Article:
Mother Says Church Ignored Girl's Sex Abuse

By Ed Housewright
Dallas Morning News
June 27, 1997

The mother of a 13-year-old girl who was allegedly sexually abused by a priest in the early 1980s testified Thursday that church officials never reported the abuse to police and quietly transferred the priest to another church.

The woman testified about former priest William Hughes during the civil trial of the Roman Catholic Diocese of Dallas and former priest Rudolph "Rudy" Kos, who is accused of molesting altar boys from 1981 to 1992.

Plaintiffs' attorneys in the Kos case called the woman to testify, saying that her experience indicated a pattern of sexual-abuse coverup by church officials.

The attorney for the diocese denied that the girl's case involved any coverup and said it was handled appropriately.

"We trusted this young man [Mr. Hughes] and had no idea he was molesting our daughter," said the woman, who said the abuse went on for about a year.

She said she discovered the abuse in 1984 after finding more than 100 letters from Mr. Hughes in her daughter's room. Mr. Hughes had come to St. Luke's Catholic Church in Irving as assistant pastor two years earlier.

"We were in a state of shock," said the woman, whose daughter has a lawsuit pending against Mr. Hughes and the diocese. "He was part of the family. He was like a son."

She later learned that Mr. Hughes had picked up her daughter numerous times at home after she and her husband were asleep and taken her to his rectory room, returning her before morning. Mr. Hughes, 26, promised to marry the girl when she turned 18, the woman testified.

She said she met with Thomas Tschoepe, who was then bishop, and Robert Rehkemper, who was then vicar general, the No. 2 official in the diocese. But she said the officials were unresponsive to her concerns, didn't offer to pay for counseling for her daughter and didn't tell her she could file criminal charges.

"The first thing Monsignor Rehkemper said was, 'All girls have crushes on parish priests,' " the woman testified. "I said, 'It's more than a crush. A priest molested my 13-year-old girl ' "

Monsignor Rehkemper has played a prominent role in the Kos trial, now in its seventh week. State District Judge Anne Ashby threatened to hold him in contempt of court last month for refusing to directly answer questions about his supervision of Mr. Kos.

The 11 plaintiffs in the Kos case are seeking $146.5 million from the diocese and Mr. Kos. He has already been found liable for the abuse because he hasn't responded to the lawsuits.

The diocese maintains that it should not be held liable for Mr. Kos' conduct.

On Thursday, the woman testified that Mr. Hughes was transferred to St. Patrick's Catholic Church in northeast Dallas in 1984 after she alerted church officials to the abuse, which she said Mr. Hughes acknowledged when she confronted him. But she said she learned later that neither the pastor of St. Luke's nor the pastor of St. Patrick's were told why Mr. Hughes was being transferred.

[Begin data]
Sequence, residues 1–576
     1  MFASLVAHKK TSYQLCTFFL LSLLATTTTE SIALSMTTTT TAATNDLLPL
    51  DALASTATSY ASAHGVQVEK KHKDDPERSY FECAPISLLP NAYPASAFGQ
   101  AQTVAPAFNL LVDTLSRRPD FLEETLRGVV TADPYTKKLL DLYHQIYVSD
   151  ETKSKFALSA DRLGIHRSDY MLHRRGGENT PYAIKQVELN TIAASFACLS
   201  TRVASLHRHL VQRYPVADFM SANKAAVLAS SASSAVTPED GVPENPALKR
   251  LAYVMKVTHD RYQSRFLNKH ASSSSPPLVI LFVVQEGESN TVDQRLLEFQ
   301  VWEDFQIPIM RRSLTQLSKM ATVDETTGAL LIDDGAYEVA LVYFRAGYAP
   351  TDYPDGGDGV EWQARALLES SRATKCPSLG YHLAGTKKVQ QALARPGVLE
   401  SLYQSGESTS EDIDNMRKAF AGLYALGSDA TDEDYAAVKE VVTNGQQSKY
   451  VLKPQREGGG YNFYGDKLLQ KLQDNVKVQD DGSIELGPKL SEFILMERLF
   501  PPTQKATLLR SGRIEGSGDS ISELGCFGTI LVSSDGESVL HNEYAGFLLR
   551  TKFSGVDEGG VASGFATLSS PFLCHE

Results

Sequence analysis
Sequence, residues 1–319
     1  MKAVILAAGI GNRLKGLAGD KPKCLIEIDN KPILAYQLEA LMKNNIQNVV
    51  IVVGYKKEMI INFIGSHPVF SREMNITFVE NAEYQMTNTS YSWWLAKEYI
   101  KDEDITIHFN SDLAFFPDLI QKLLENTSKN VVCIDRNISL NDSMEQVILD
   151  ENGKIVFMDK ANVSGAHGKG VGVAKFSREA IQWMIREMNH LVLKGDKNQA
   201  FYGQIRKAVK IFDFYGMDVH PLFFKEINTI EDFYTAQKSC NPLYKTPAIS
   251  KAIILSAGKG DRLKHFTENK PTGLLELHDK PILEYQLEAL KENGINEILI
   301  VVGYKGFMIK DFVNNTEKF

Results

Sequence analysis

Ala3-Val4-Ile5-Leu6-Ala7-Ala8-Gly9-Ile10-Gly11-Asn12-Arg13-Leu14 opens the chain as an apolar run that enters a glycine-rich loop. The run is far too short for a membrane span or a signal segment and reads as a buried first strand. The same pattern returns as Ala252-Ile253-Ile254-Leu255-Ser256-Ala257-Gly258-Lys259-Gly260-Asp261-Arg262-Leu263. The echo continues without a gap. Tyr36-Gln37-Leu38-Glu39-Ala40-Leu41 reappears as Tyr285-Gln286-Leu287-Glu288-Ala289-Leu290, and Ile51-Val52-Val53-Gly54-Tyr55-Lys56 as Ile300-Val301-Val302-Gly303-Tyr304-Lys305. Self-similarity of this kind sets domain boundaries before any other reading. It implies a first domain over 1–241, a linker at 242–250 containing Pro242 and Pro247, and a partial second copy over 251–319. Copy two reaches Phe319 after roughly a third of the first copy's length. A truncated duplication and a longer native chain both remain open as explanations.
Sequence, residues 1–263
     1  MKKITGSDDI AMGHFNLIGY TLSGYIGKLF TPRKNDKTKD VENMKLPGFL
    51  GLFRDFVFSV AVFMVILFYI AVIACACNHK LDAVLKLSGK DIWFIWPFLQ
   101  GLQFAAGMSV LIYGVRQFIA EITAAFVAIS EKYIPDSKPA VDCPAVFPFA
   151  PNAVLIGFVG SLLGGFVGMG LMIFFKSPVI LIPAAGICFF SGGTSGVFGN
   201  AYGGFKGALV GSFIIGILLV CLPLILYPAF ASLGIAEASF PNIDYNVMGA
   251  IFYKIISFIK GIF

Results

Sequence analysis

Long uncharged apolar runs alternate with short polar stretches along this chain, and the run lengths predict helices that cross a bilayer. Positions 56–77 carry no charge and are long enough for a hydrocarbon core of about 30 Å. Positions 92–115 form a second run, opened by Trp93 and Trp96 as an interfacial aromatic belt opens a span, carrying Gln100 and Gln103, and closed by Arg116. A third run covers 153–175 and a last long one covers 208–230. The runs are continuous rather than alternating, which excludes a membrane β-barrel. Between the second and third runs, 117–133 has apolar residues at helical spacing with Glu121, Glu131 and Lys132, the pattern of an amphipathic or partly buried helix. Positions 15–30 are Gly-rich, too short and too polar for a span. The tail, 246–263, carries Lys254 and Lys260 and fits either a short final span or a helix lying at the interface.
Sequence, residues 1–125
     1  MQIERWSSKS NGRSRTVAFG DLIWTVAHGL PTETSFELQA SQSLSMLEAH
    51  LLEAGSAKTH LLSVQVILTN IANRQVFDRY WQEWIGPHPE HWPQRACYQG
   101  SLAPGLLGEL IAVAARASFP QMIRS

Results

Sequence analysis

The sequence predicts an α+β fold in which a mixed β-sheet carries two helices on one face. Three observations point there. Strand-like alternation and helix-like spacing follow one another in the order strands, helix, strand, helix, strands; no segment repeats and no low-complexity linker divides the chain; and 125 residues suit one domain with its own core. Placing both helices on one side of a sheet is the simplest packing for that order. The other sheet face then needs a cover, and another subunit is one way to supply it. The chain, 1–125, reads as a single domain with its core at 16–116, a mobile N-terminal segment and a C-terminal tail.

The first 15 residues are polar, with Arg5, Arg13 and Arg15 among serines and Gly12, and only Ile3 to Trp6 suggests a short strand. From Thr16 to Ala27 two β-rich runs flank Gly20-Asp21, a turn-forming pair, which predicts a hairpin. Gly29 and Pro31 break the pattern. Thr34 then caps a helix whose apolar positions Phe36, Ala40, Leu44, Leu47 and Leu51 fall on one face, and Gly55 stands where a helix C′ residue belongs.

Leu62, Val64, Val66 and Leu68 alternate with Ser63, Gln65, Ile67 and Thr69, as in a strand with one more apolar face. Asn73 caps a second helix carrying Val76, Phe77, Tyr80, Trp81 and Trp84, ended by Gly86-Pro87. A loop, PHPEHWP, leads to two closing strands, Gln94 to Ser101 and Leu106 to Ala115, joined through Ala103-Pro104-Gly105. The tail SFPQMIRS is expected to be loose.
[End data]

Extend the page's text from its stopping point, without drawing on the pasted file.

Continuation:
Mr. Hughes later was appointed to the diocese's clergy personnel board and left the priesthood voluntarily in 1992.

Randal Mathis, the diocese's attorney, said it was "appropriate" for Mr. Hughes not to be fired in 1984 when the abuse allegations arose but would not elaborate because the suit against him is pending.

He pointed out that the girl who was abused filed her suit against Mr. Hughes and the diocese in 1994, 10 years after the abuse was discovered. The woman is now 27 years old.

"You're a little surprised when someone 10 years later comes back and files such a lawsuit," Mr. Mathis said.

The mother said she and her husband and five children became close friends with Mr. Hughes as soon as he came to St. Luke's shortly after graduating from the seminary.

She gave Mr. Hughes a key to the family's house, and he accompanied them on several trips.

She said her daughter's personality changed dramatically after she became involved with Mr. Hughes.

"She was a wonderful, special child," the woman said. "But she became very secretive. She became hateful to us. She would lock herself in her room. Her grades went down. We had no idea what it was." She said her husband, a convert to Catholicism, expressed concerns about the contact between Mr. Hughes and their daughter.

But she said she persuaded him that a priest wouldn't do anything inappropriate.

"Priests were on a pedestal," the woman testified.

As soon as she discovered the love letters, she said, she called an official she knew at Holy Trinity Seminary in Irving.

He met with her and took all the letters, which she said filled two grocery sacks. She has never seen them again and doesn't know if he told other church officials.

In 1990, when Charles Grahmann became bishop, she met with him but said he too was unresponsive.

"We gave up," the woman said. "The letters were gone. We had nothing except a child who was very confused and upset." Earlier Thursday, Mr. Mathis questioned a psychiatrist who examined most of the plaintiffs in the Kos case about the amount of therapy he recommends for them. For some, he has suggested more than 2,000 sessions at a cost of up to $280,000.

Mr. Mathis said other doctors recommended no more than 350 sessions at a cost of no more than $40,000.


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